Another unsung hero, or at least, an attempted hero, in essence this film fills the same quota as The Imitation Game, yet much less Hollywood in style. Christian Friedel, who plays Elser, magically captures one man’s transformation from boy next door, to assassin.
Father and daughter team, Fred and Leoni-Claire Breinersdorfer, who wrote the screen play, give our opening sequence of Elser in a beer tavern, frantically panting and holding a torch in his mouth, as he fixes explosives and a timer in a hole in the wall. Unfortunately, due to Hitler leaving the building thirteen minutes earlier, Elser’s plan fails. Instead, his bomb kills eight innocent victims.
As he is quietly fleeing the scene, having reached the Swiss border, he is caught. The one thing he didn’t consider before trying to dig his way under the fence, is having gotten rid of the paperwork that would lead to his arrest by the Gestapo. Drawings, calculations and such.
At first he keeps quiet, not admitting anything to the police. Until he realises that his lover, Elsa, is being held against her will. Considering he’s having an affair with this married woman, who, quoted in a flash back “The married ones are the best ones!”, he panics and confesses. Prior to this we get to see a few medieval torture methods. Cue vomiting, whipping, nails being removed…
This story is relatively unfamiliar to most, but despite this, the story is an intriguing one to follow. It does have its moments where the early flash back scenes interrupt a dramatic momentum from the scene before, the current day scenario. And although the film is sub-titled, it’s not too difficult to follow, due to repetition of key phrases.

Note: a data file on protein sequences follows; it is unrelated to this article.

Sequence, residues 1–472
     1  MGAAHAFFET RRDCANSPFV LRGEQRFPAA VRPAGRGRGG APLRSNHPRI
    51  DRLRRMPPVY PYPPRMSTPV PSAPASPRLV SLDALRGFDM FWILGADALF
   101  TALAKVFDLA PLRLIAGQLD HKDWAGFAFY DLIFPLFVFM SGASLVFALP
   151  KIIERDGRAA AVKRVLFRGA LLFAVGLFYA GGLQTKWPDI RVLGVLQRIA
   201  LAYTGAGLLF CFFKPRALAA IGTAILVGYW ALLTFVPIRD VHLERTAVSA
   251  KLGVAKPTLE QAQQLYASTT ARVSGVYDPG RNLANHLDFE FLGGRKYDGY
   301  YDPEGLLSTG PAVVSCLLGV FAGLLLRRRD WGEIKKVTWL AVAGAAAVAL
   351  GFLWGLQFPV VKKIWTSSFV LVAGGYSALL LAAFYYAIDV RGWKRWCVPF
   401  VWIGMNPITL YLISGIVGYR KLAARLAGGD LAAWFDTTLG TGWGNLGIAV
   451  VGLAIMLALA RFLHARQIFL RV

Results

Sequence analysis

As a viewer, the film provides many ‘what if’ questions, and personally made me question humanity. It is a heart-warming story, though gut-wrenching at times. Had Elser succeeded, he could have changed the world.
Quoted by The Hollywood Reporter, Hirschbiegel says 13 Minutes is part of a trilogy on the history of National Socialism. “Downfall showed the end, 13 Minutes showed the beginning, the last film will look at the victims, either during Hitler or afterwards, to show the impact of the Nazis”.
The shooting of the film took place between July and September of 2014, however only took an amazing 40 days to complete. Fourteen days in Baden-Württemberg, ten in Bavaria, ten in South Tyrol and six in Berlin.
For those interested in war-themed movies, and how the Hitler regime affected the country, this is a must-watch. Although if you have a sensitive stomach, my suggestion is to not eat movie snacks.
Review by Emilia McKay
[SRA value=”4″ type=”BIG”]